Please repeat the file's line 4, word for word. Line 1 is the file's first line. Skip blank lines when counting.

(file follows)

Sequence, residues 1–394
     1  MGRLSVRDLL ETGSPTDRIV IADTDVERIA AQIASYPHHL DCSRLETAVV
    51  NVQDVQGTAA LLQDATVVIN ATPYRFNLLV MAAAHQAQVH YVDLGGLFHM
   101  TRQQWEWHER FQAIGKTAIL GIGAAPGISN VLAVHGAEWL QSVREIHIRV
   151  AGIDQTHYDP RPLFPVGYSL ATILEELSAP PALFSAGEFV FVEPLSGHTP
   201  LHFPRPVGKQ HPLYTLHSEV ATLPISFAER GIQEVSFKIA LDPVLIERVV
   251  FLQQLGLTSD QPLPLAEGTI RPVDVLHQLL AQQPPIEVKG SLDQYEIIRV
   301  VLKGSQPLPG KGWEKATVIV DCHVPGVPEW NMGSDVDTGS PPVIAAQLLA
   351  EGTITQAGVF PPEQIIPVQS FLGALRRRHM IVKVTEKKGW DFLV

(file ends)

   101  TRQQWEWHER FQAIGKTAIL GIGAAPGISN VLAVHGAEWL QSVREIHIRV